McLaren is bracing itself for a battle over the legality of its new MP4-27, which is expected to feature design innovations that could potentially attract protests from rivals.
According to McLaren Applied Technologies managing director Geoff McGrath, the new car, which will be officially revealed on Wednesday, will feature a number of developments that are the result of the team's aim to be less conservative in the interpretation of the Formula 1 regulations than it has been in previous years.
"There are technical innovations on the car which will be immediately obvious when you see them," said McGrath, who added that McLaren is "getting ready for a fight" over its new machine.
McGrath admitted that McLaren has paid the price for being overly cautious in previous seasons. The team has finished behind Red Bull in the constructors' championship in the past three years and must start the season strongly if it is to end that run.
"We've started way behind in the last couple of years – that's the really disappointing thing," he said. "But when we're behind, you can see that historically we always catch up faster than anyone else. Until we go to the first test in Jerez [which starts on Feb. 7], the engineers won't know for sure if they got it right."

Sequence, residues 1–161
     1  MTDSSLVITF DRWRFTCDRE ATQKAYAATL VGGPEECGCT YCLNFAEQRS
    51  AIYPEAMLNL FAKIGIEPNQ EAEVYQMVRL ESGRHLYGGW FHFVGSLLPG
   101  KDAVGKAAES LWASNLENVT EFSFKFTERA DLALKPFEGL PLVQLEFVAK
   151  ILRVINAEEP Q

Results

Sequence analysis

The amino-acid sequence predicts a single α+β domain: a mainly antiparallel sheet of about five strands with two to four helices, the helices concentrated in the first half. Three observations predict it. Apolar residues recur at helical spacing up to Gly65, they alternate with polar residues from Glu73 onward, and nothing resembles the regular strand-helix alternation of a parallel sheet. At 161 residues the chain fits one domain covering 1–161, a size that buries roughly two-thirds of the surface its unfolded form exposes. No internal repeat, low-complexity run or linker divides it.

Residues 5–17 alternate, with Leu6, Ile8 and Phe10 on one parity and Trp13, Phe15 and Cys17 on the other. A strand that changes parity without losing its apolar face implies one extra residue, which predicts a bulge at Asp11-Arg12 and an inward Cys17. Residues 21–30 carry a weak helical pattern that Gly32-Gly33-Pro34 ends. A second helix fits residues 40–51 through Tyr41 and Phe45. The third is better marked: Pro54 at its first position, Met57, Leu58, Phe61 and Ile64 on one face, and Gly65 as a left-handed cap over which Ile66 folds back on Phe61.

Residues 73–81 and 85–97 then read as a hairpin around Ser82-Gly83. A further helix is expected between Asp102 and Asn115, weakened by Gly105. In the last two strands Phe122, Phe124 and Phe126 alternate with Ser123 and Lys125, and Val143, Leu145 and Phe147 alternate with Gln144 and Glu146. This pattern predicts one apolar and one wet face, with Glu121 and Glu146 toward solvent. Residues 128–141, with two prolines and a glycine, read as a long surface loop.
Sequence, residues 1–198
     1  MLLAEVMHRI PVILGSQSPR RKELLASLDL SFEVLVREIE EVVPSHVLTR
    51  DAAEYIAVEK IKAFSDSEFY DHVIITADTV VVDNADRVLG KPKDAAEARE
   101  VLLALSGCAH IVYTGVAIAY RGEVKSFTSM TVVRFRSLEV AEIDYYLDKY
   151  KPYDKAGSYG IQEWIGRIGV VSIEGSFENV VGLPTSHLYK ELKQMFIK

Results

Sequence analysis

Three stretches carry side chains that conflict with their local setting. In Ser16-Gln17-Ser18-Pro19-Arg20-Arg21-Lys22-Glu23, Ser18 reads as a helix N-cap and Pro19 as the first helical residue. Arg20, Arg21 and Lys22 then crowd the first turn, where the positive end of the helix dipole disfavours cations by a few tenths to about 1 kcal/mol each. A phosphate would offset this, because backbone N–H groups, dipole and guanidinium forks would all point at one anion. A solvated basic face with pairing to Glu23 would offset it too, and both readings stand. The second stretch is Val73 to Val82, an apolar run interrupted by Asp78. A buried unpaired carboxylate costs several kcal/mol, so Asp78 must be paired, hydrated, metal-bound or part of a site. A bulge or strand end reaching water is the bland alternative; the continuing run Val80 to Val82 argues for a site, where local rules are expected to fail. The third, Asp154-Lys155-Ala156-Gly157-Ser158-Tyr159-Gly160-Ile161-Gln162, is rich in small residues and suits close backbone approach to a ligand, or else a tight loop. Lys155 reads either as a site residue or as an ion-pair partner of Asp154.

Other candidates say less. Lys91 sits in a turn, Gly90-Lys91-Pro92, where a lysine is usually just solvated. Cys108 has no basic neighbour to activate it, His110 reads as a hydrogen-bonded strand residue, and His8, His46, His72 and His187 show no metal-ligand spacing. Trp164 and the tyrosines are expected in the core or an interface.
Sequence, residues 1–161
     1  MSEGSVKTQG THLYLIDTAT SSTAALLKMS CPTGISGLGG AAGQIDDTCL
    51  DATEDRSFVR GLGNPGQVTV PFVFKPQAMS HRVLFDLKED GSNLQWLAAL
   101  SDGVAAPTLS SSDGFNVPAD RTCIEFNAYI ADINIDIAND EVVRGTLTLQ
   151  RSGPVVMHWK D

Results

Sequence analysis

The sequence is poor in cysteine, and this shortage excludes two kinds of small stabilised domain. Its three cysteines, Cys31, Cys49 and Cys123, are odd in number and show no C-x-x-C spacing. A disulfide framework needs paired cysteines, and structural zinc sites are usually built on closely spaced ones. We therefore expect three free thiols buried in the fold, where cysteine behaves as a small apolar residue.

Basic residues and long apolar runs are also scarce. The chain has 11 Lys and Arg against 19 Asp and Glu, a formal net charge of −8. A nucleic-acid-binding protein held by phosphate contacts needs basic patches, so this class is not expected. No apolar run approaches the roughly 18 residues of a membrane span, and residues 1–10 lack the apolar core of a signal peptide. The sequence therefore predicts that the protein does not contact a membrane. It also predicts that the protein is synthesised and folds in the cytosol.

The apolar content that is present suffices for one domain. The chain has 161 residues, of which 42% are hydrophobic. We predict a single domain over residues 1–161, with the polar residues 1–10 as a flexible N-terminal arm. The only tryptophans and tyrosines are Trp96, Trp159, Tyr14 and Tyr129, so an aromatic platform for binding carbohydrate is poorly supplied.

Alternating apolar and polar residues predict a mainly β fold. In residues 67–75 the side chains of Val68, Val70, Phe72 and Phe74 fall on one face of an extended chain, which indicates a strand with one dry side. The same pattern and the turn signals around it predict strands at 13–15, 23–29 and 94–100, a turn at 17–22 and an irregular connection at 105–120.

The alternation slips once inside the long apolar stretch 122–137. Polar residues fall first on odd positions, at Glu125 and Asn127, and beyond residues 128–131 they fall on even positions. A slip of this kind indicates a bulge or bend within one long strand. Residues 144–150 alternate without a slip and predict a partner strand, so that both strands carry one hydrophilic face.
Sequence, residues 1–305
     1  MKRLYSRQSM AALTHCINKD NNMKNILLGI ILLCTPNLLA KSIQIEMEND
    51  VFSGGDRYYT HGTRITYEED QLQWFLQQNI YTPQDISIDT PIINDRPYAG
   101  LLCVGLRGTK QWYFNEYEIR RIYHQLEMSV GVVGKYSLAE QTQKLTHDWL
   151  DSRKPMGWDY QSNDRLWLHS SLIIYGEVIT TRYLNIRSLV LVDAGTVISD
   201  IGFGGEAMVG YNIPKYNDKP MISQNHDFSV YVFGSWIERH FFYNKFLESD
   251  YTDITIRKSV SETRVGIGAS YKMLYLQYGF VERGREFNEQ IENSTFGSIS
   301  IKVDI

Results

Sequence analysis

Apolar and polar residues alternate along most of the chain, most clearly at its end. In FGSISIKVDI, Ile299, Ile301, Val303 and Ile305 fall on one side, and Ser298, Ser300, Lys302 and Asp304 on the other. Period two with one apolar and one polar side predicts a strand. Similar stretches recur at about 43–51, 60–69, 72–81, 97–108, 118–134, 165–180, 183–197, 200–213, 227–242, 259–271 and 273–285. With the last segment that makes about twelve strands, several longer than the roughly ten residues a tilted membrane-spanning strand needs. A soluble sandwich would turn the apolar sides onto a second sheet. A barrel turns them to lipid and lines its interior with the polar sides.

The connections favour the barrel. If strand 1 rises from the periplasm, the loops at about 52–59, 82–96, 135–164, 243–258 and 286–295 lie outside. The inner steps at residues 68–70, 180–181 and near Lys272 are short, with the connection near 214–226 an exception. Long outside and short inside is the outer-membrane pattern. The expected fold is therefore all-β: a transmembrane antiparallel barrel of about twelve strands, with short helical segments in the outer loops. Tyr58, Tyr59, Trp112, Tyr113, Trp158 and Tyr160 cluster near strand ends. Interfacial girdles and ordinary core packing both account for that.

It is understood that McLaren is focusing on single-lap speed with the MP4-27, which it hopes will allow it to take more pole positions and control races from the front.
McGrath added that beating qualifying master Sebastian Vettel will be crucial if McLaren is to be successful in 2012, particularly as its analysis indicated that the raw pace of last year's MP4-26 was superior toward the end of the season, despite Red Bull and Vettel's run of poles.
"He must be a brilliant driver, because by the end of last season we definitely had the best car and he was still whupping us," McGrath said. "We're trying to figure out exactly what he's doing that's so good. How does he pull out that fast qualifying lap every time? We think it's driver skill. There's no trickery on the cars, he just gets more out of it than we do."